11. "The Montreal-based airline admits that its carry-on policy has not been consistent over the years, but says musicians and other travellers should get accustomed to a new reality." Note this incident happened back in July, so it's unconnected to the more recent extra restrictions. I had no trouble with Air Canada on my recent trip in August (with totally full flights); none of the airline personnel even looked twice at my violin, but it sounds from this like I can expect problems in the future! As others have pointed out, even though the airlines may allow you to carry on a fiddle, when it comes down to it, they may force you to check it and there's nothing you can do about it. When I started flying to gigs with my expensive violin I got a rider on my household insurance policy that covers full repair/replacement costs on my equipment; it wasn't that expensive, I think something like $90 a year for about $10K of coverage. It's very specific as to the list of equipment covered, however, and when I upgrade my equipment I have to remember to update the policy. This provides some reassurance although I'd still be very upset if my favorite instrument was damaged. This all makes me curious, how would you pack a violin assuming there's a good risk the airline would force you to check it? Is an Anvil case the way to go? Or something else? Is there anything that's small enough not to attract undue attention as a carry-on but that would provide adequate protection if it were checked? -Steve
  12. quote: Originally posted by: stevenwong quote: Originally posted by: lastchair Hmmm... I guess I would go through a ton of e strings if one squeak and off they come! My teacher insists that it is technique. In fact he can't get his e to squeak even if he tried. I observe that squeaks happen when I hit it too hard, and am not bowing exactly perpendicular to the string. If I amd perpendicular, and relax slightly just before hitting the e on a broken chord, no squeak. Hi lastchair, Yes, I have been told the same. Someone demonstrated to me that it is all about the technique. But, with the huge number of people here complaining about squeaking Es, I am wondering who's right and wrong or which is fact or fiction... steven It may be about technique, but I know from experience that one of my fiddles is much less prone to whistling E's than the others, so I suspect there's a component of this related to instrument setup as well. -Steve
  13. It's simply a matter of comfort and ergonomics. If you can benefit from a shoulder rest, use it. If not, don't! There's a good video giving some guidelines for when a rest should be used on the Violin Masterclass website here. -Steve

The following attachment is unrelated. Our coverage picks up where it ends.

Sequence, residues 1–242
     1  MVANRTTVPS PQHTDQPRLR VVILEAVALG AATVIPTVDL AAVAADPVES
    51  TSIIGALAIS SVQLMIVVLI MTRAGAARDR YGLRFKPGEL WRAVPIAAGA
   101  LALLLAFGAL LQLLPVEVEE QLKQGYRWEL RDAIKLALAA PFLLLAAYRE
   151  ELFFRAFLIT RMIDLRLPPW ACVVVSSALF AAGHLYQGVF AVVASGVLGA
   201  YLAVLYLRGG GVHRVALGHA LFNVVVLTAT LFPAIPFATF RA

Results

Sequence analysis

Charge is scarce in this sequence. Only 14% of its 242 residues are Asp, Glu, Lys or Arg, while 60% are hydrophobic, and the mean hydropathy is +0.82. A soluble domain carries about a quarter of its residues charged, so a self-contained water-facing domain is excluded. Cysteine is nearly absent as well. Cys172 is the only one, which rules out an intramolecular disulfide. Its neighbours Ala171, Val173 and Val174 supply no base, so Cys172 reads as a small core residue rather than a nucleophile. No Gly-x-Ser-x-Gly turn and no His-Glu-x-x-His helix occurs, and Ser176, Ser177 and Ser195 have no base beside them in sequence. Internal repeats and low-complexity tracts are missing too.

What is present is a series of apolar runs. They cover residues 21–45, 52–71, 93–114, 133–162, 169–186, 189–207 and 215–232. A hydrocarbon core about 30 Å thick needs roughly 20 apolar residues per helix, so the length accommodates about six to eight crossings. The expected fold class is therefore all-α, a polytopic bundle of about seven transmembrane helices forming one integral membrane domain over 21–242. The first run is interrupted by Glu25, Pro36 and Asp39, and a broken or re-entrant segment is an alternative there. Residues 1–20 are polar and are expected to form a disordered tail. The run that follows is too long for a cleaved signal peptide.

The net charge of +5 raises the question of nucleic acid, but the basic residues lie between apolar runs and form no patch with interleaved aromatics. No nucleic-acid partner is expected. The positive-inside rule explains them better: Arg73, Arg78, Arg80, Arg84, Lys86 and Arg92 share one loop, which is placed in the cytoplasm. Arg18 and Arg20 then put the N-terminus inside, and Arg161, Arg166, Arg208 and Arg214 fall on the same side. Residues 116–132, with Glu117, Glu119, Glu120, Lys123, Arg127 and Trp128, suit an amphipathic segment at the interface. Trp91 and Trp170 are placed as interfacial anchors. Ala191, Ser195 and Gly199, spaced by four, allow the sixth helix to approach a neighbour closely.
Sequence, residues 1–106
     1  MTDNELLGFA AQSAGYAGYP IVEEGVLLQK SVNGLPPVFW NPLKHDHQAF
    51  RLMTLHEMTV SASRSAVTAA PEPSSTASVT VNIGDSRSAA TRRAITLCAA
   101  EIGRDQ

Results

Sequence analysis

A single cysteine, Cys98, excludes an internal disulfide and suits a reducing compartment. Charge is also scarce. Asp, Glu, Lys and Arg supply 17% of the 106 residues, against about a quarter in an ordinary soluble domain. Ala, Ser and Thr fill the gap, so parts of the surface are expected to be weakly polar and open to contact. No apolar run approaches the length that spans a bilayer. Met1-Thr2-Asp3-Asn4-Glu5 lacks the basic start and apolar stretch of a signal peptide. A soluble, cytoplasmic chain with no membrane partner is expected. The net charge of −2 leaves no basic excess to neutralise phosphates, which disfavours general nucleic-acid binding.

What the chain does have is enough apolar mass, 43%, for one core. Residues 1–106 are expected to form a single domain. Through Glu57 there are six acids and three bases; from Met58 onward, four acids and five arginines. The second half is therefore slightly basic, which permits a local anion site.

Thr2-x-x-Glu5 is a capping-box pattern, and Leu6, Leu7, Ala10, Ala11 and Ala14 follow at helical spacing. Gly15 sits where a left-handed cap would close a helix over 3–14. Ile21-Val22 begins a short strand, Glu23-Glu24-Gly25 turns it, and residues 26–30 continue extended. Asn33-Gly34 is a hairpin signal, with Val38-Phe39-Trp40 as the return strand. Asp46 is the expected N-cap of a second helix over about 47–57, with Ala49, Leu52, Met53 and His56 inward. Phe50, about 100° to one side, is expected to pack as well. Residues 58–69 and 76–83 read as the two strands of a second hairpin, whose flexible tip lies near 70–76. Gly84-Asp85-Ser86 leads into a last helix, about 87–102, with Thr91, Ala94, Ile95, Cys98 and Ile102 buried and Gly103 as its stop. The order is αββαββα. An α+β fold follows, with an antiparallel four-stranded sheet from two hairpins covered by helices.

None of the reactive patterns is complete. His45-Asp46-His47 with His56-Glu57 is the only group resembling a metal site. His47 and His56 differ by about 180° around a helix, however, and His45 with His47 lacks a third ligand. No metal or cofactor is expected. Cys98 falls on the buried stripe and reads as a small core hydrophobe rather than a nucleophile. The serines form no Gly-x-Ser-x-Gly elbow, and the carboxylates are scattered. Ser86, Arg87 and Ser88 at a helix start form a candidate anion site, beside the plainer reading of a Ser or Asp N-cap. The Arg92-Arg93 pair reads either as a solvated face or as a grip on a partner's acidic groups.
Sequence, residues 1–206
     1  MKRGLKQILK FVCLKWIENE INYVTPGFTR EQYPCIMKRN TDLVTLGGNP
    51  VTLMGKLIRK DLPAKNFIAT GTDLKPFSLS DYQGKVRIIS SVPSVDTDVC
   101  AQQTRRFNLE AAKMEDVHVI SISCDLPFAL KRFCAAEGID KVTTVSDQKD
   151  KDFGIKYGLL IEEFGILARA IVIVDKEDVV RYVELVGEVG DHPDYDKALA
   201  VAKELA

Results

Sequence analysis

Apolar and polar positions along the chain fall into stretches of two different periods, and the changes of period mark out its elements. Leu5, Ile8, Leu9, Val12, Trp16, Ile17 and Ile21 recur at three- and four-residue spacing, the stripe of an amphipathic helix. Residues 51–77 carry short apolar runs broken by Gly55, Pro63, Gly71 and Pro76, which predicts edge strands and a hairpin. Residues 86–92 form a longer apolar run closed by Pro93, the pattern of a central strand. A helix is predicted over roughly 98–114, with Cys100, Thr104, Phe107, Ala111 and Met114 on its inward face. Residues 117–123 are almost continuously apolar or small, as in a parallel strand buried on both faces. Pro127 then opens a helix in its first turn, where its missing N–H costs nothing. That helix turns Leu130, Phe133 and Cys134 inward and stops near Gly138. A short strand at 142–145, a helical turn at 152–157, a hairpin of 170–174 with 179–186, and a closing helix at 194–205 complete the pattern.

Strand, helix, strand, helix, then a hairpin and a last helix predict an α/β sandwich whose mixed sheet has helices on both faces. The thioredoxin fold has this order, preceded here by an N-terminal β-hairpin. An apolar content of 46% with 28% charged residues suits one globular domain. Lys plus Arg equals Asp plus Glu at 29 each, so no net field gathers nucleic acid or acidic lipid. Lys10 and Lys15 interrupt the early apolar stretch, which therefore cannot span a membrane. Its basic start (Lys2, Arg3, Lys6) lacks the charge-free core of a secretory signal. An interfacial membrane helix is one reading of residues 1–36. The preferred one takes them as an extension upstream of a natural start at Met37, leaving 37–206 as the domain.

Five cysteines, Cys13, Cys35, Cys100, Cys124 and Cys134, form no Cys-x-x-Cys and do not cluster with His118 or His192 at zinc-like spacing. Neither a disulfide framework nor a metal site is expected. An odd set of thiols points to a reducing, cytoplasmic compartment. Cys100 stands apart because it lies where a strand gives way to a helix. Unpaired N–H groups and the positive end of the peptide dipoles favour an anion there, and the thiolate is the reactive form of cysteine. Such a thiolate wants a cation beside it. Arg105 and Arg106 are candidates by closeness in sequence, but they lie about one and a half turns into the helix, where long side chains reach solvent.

14. quote: Originally posted by: reedman Once again, don't asume everything will be fine domestically. Delta has responded to me personally via email in June that "all carry-on items must fit easily through the Size-Wise unit (22"14"X9")." Unless you have a hinged neck on your full-size fiddle, there may be a definite problem getting your violin in the cabin on a Delta flight. Forget viola cases. In addition, the "customer care" person wrote that Delta flight personnel can make further restrictions depending on the circumstances of the specific flight. So, don't fly Delta, use your back-pack straps with the case riding low on your back (so that the case doesn't stick up behind your neck/head--it will appear to personnel more as a backpack, rather than an instrument case), and act confident... Thanks for this information. Delta was one of the airlines I was considering for my last trip but I'll avoid them in the future. I normally fly either Southwest or Jet Blue and have had no problems bringing my fiddle onboard (prior to the recent terrorism issues, of course) even though I generally take it in my oblong Weber case. It's worth remembering that regardless of what the airlines say, the staff at the gate make the final decision either way. -Steve
  15. I returned from Halifax through Toronto to San Francisco on Air Canada last Saturday; no problems carrying on my fiddle (in a Bobelock shaped suspension case with a Cushy cover) even though I was also carrying a smallish backpack (which could fit under my seat). They did run the violin through the scanner an extra time in Toronto because something about the angle of the case handle in the first image alerted their suspicions, but there was no problem. I normally remove anything "funny looking" from the case prior to flying but had neglected to do so going out; going through security at San Francisco (prior to the British incident) the security guy pulled me aside and had me open the case so they could take a closer look; the suspicious item was apparently my rubber practice mute! On the flight home, the attendant told us that the rules regarding carry-on items have been changing daily, and sometimes several times a day, since the recent incidents. I would say that it's probably best to check with the airlines the day before you fly to see what the current situation is. Currently it sounds like the severest restrictions are on flights to/from the UK, and that domestic flights aren't affected that much (except for liquids). -Steve
  16. quote: Originally posted by: Winston That set-up (using fine tuners on both the E and A strings) was very common prior to 1970 or so, especially with students. Unless you were using all-metal strings, the G and D were gut wound --and a fine tuner wasn't needed. The metal E always needed one, of course. But in the case of the A string, a few old-timers would still use plain gut, otherwise, it was either a metal A or a gut wound A. The gut wound A's typically had a short life span and required constant tuning. I began learning in the 1960s and used that setup for many years. It worked well but because of the steel A I never learned to tune my A string "properly" i.e., with the violin in position, manipulating the peg with the LH fingers. Still can't do it, but I use a Pusch tailpiece with 4 fine tuners with my synthetic strings so it's not typically an issue!